An inmate at the Franklin County Adult Detention Center tested positive for Hepatitis A Thursday.

According to Franklin County Sheriff Steve Pelton, a male inmate began complaining of health issues late Thursday morning. 

The detention staff transported the inmate to the hospital for an evaluation where health care providers diagnosed the inmate with a case of Hepatitis A. 

As a precautionary measure the Franklin County Health Department was contacted and Director Angie Hittson and Thursday night had already administered preventative vaccinations to about 20 jail personnel.

Health department staff were at the jail Friday vaccinating other staff and formulating a plan to rotate inmates into the medical area for vaccinations.

Hittson says she doesn’t recall any hepatitis A cases in the jail during her tenure with the county.

“We don’t see a lot of Hep A in Franklin County,” she said. “There have been cases reported in other jails in southeast Missouri.”

Although typically transmitted person-to-person through the fecal-oral route or consumption of contaminated food or water, Hittson explained there has been a nationwide rise in Hep A in the intravenous drug user community.

“We haven’t found a definitive reason it may be on the rise,” Hittson said. “Normally jails aren’t the cleanest places, and staff isn’t going around wiping down everything, or infected people aren’t washing their hands.”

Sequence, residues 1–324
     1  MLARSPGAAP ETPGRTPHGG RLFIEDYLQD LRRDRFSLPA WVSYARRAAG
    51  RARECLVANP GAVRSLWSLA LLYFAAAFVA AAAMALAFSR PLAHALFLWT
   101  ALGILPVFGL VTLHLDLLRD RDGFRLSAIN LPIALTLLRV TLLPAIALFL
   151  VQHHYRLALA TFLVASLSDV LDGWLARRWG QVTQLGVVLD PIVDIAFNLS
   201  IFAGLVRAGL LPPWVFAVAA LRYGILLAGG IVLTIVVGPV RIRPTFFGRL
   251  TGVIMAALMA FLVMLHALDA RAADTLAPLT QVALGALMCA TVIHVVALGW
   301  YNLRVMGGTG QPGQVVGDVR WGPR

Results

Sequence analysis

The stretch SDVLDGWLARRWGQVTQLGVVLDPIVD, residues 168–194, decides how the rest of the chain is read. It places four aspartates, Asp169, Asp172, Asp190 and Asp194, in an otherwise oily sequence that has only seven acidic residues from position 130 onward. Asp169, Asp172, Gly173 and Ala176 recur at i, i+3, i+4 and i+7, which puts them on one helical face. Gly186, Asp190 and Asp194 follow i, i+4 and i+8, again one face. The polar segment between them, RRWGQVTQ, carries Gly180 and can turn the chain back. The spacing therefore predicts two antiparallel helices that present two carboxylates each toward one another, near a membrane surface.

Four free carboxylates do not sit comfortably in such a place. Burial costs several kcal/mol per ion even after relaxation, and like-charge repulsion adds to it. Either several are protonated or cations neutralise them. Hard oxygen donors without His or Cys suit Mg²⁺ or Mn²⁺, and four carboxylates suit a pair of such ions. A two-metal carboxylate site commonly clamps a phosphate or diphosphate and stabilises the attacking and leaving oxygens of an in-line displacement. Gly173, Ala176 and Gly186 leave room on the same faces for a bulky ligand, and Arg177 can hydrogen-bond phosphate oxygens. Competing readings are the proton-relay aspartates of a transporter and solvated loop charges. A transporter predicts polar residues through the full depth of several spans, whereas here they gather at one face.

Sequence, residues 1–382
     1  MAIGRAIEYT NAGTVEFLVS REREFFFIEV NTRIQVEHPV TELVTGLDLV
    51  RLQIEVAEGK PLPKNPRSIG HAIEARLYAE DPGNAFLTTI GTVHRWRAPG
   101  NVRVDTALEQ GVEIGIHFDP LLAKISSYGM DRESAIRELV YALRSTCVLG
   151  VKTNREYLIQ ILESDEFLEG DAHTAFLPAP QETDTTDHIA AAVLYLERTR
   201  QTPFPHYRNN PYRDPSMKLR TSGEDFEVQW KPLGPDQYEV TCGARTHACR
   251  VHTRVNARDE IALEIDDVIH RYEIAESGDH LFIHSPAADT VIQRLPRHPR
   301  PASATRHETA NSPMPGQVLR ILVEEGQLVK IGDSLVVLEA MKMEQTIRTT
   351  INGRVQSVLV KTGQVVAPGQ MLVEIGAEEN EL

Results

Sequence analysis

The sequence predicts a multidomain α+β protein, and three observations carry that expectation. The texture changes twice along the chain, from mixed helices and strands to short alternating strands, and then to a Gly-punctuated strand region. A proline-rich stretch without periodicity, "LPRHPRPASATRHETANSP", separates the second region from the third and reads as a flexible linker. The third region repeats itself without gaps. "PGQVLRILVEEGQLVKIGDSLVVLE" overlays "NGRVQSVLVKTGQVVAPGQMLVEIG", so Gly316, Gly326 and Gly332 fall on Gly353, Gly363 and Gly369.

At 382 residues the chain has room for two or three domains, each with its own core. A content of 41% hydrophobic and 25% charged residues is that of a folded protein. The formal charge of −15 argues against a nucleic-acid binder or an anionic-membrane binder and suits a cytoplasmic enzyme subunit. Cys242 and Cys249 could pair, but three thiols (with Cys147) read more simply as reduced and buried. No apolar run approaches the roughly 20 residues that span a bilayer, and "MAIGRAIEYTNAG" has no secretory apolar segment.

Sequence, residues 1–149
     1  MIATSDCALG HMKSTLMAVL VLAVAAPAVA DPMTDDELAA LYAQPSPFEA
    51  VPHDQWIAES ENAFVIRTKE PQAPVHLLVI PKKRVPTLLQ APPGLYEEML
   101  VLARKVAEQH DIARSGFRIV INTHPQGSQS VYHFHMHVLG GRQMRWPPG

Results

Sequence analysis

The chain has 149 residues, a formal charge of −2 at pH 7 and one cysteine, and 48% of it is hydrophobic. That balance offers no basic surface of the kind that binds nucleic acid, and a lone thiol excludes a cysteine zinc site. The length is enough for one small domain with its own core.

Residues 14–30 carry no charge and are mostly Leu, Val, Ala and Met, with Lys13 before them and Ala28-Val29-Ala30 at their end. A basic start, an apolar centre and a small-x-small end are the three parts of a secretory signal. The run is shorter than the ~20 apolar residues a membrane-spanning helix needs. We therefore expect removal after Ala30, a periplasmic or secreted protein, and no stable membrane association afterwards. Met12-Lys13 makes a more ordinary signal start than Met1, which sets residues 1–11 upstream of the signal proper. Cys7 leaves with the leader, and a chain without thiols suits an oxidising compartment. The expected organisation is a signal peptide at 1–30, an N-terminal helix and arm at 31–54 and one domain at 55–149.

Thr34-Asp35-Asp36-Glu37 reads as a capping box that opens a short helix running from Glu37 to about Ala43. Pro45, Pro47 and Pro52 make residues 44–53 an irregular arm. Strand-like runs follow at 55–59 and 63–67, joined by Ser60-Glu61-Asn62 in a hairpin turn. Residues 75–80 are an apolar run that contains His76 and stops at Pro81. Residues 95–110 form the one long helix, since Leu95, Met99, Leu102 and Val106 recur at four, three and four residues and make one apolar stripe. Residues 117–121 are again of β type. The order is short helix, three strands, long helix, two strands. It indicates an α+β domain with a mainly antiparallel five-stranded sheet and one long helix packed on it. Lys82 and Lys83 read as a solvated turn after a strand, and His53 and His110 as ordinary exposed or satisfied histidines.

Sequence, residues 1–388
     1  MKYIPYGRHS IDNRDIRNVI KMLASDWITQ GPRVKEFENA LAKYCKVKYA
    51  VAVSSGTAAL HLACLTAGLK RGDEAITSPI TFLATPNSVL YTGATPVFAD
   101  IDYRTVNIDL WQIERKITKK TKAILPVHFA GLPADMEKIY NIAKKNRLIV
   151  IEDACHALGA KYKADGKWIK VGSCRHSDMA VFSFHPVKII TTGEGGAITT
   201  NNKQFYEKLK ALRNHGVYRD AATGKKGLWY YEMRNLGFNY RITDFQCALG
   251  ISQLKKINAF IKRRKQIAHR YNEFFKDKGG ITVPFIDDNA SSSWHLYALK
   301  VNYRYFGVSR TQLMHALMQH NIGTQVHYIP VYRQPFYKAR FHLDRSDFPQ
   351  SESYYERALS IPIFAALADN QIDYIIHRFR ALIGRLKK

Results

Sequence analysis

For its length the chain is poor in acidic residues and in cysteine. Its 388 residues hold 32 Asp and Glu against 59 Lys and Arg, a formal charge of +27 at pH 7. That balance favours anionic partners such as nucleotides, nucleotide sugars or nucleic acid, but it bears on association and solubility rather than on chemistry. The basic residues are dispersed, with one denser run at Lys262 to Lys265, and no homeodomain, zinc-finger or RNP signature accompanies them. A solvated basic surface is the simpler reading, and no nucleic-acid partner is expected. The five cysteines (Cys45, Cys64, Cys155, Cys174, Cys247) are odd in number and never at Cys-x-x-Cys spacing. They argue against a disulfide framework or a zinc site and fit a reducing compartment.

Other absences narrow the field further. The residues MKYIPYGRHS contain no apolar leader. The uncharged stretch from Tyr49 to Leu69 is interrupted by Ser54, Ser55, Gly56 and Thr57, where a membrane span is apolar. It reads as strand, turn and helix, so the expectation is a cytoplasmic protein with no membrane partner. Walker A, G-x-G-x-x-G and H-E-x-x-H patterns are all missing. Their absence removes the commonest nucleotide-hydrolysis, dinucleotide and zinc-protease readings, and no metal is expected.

Hittson did confirm the county health department is currently investigating the source of the inmate’s original infection.

“This can be deadly depending on how ill the person was when infected,” Hittson said. “Other people will be sick, then get over it and be fine. Our goal is to stop the spread of any communicable disease.”


Hittson said the county had originally ordered 400 doses of the Hep A vaccine, which is administered by a shot into the arm muscle like a flu vaccine.

Hittson said the county is working with the Missouri Department of Health and Senior Services (DHSS) and the vaccines are being delivered at no cost.

“Because of the winter storm, the state doubled our order,” Hittson said. “By the end of today (Friday) we will have 750 doses.”


Presiding Commissioner Tim Brinker said neither the inmate’s age nor how long he had been in custody at the jail was unknown at this time.

He added the vaccines won’t be mandatory, but will be available to anyone who requests them.

“To my knowledge, the exposure to inmates and staff was minimal,” Brinker said. “No other inmates or staff are exhibiting symptoms.”

Brinker commended the jail and health department staff on their quick response to this incident.

“The quick action and exemplary response again demonstrates the professionalism and expertise of the employees of Franklin County in their service to the residents,” Brinker said.

Hepatitis A 

According to the Centers for Disease Control and Prevention, Hepatitis A is a vaccine-preventable, communicable disease of the liver caused by the Hepatitis A virus (HAV). 

Hepatitis A is a self-limited disease that does not result in chronic infection. 

Most adults with Hepatitis A have symptoms, including fatigue, low appetite, stomach pain, nausea, and jaundice, that usually resolve within two months of infection; most children less than 6 years of age do not have symptoms or have an unrecognized infection.

Antibodies produced in response to Hepatitis A infection last for life and protect against reinfection. 

The best way to prevent Hepatitis A infection is to get vaccinated.